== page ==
The original GOrun from Skechers is a polarizing shoe. Endorsed by Olympian Meb Keflezighi, the GOrun entered the minimalist footwear market with its unique curved bottom design. The reception of this rocker shape was mixed based on reviews and comments I’ve come across. But as for me, the GOrun has been kind. I especially enjoyed running in its wide toebox and light weight design. I even wore the GOrun to run the NJ Marathon in May 2012. And after logging more than 300 miles on the GOrun, I am still using it in my shoe rotation at the time of writing this review. However, I can testify that the GOrun isn’t flawless, as you can find out more in my previous review. To address some issues associated with the GOrun, Skechers pushed out a similar shoe in the GO lineup – the GOrun ride.
The GOrun ride is the chubby brother of the GOrun. It looks and runs more like your traditional running shoe in terms of height and cushioning. But this doesn’t mean the GOrun Ride isn’t flexible and light – it’s just a little bit more than the GOrun in every aspect. Recently I’ve logged 165 miles on the GOrun ride in various terrains and running intensities. Below is my full review of the Skechers GOrun ride.
Disclaimer: I received one pair of Skechers GOrun ride for free as a media sample for testing and reviewing purposes. All statements below are expressed as my honest, personal opinion.
The upper construction of the GOrun ride is very similar to GOrun’s, covered with mostly synthetic materials and stretchy mesh. The overlay patterns of the two shoes are only subtly different; and the GOrun ride’s upper felt thicker in my hand. Other than that, the upper of the GOrun ride has identical features as the GOrun – it’s soft, flexible, breathable, with no hard heel counter.
The GOrun ride is heftier (by 1 oz) than the GOrun – although I would not consider it as a heavy shoe in any way. The bulk of the increased weight is obviously due to GOrun ride’s taller midsole. There is no hard arch support in the GOrun ride. The midsole of the GOrun ride has a profile of 12mm in forefoot, 19mm in midfoot, and 16mm in heel (GOrun’s heights are 10mm, 19mm, and 16mm, respectively). The same 4mm heel-to-toe differential (heel drop) is in both shoes. But the midfoot rocker design in the GOrun ride is less pronounced compared to the GOrun. More on this later.
The midsole sensors (the independent circular columns) have been reduced in number and relocated. However, the high-density rubber pods have been increased and moved toward the heel a bit. There’s also some outsole rubber at the tip of the shoe to increase durability.
I managed to log 165 miles in the GOrun ride with easy to moderate pace. These runs range from 6 miles to 22 miles on pavement, track, and dirt trail. The GOrun ride reminded me of the GOrun in every department, including performance. The upper offered good structural support without being restrictive; but I thought it was a tad beefier than it should be. The toebox was roomy enough to accommodate my wide foot.
I only noticed the increased weight of 1 oz of the GOrun ride because I still run in the original GOrun as of today. The GOrun ride is by no means heavy – in fact, at 7.9 oz (Men’s 9), it weighs the same as the Kinvara 3. In practice, what I really observed about the shoe was not its weight – it was the midsole. The most drastic difference between the GOrun and GOrun ride is how the signature midsole curve in the midfoot area felt under my arch. As I mentioned earlier, the rocker shape is less bulging in the GOrun ride due to its reduced height differences in the heel, midfoot, and forefoot. In addition, the added foam in the midfoot and forefoot gives the GOrun ride a lot more give in terms of cushion. This cushion is noticeably softer than that of the GOrun’s, at the cost of the stiffer, more responsive road feel.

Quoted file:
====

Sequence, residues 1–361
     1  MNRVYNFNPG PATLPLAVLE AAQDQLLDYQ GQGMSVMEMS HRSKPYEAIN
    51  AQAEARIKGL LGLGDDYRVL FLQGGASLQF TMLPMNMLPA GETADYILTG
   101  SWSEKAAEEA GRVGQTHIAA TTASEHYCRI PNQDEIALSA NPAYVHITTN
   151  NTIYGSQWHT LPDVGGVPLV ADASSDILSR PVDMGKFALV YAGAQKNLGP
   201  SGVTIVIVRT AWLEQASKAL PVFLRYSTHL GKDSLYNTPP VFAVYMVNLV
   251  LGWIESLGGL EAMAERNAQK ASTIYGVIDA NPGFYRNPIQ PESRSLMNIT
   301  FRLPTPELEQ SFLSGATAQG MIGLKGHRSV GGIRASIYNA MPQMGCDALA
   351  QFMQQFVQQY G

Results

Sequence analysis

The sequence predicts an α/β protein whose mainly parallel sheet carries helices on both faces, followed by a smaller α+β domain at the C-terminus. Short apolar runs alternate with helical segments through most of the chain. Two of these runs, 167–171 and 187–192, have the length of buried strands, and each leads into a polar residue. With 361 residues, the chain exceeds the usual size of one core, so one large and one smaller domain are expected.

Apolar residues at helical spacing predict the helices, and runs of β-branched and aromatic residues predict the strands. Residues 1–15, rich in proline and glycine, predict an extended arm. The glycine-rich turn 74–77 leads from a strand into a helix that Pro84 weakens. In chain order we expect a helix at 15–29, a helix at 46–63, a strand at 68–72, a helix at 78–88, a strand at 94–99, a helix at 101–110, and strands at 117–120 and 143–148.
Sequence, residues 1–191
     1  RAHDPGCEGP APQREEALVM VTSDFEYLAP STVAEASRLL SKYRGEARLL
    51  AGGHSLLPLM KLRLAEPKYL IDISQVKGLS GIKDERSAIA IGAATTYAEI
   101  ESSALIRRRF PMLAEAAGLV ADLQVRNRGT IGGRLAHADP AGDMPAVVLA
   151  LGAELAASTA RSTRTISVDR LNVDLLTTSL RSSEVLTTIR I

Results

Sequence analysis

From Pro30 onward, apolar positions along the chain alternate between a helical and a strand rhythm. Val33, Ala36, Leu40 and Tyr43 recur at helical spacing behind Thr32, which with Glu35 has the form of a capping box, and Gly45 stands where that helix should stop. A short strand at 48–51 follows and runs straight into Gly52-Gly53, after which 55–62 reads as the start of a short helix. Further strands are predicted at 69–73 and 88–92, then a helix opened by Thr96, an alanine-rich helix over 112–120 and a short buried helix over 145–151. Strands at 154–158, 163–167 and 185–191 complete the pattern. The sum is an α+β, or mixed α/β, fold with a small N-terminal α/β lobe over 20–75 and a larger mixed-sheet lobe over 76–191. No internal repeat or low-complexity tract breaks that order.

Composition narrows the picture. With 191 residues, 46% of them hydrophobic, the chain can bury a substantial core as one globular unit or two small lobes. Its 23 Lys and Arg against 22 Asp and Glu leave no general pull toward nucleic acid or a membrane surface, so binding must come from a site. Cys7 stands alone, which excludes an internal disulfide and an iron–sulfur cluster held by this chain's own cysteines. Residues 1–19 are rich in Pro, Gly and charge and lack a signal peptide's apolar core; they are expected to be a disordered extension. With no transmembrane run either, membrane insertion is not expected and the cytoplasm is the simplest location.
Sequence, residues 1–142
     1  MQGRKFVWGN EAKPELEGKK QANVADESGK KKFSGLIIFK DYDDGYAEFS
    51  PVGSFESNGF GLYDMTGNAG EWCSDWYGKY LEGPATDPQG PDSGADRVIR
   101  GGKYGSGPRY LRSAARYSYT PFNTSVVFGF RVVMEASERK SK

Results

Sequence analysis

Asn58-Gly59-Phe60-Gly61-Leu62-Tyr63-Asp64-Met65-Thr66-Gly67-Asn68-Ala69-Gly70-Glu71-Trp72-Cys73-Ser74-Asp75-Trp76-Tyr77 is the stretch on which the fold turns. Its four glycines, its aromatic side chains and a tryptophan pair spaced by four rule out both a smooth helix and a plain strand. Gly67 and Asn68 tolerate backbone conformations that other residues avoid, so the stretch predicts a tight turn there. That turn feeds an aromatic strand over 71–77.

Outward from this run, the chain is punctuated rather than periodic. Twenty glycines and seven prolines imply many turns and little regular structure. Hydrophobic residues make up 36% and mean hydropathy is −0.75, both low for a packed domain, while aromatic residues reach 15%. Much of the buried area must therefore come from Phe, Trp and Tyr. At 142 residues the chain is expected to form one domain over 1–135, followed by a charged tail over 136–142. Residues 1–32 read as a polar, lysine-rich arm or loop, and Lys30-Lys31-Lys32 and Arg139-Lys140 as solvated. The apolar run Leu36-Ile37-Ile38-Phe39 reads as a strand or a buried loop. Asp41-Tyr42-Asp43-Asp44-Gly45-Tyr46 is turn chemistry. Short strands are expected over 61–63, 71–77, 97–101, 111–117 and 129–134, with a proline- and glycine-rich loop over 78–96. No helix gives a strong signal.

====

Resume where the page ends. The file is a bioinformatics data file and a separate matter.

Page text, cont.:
The durability of the GOrun ride is excellent, if not better than the GOrun. After 165 miles, the only significant wear I could spot was in the forefoot area on the Resalyte foam pods. All the rubber GOimpulse sensors still had deep treads and grooves. This may be subjective based on my gait and foot strike pattern – but I wish Skechers would throw in a few rubber pods in the middle section of the forefoot area to extend the durability even further.
The GOrun ride is a great addition to Skechers’ GO family for several reasons. The most distinguishing being that it’s a capable light-weight shoe that is suitable for road running. The problem I (and several runners I’ve talked to) had with the older GOrun was that the midfoot rocker could become quite uncomfortable for long or intense runs. Skechers addressed this concern by lowering the height differences in the heel, midfoot, and forefoot. As a result, the GOrun does what it’s advertised to do – promoting midfoot strike, and ultimately a more efficient and natural way of running.
If you have never run in the GOrun or other shoes in the minimal or transitional footwear category, the GOrun ride is a reasonably priced shoe worth checking out. Although it isn’t my personal choice, I still urge you to try it on yourself to see if it’s a shoe for you. After all, it all comes down to your personal preference. As a matter of fact, one reader told me he exchanged his GOrun for GOrun ride and loved it! But if you prefer a stiffer, lower, and lighter road shoe like the original GOrun, perhaps you want to wait for the next update of the GOrun that is to be released soon.
What do you think of my review of the Skechers GOrun ride? Have you seen or tried any of the Skechers GO shoes? What other shoes would you like to see me review? Please share in the comment section below.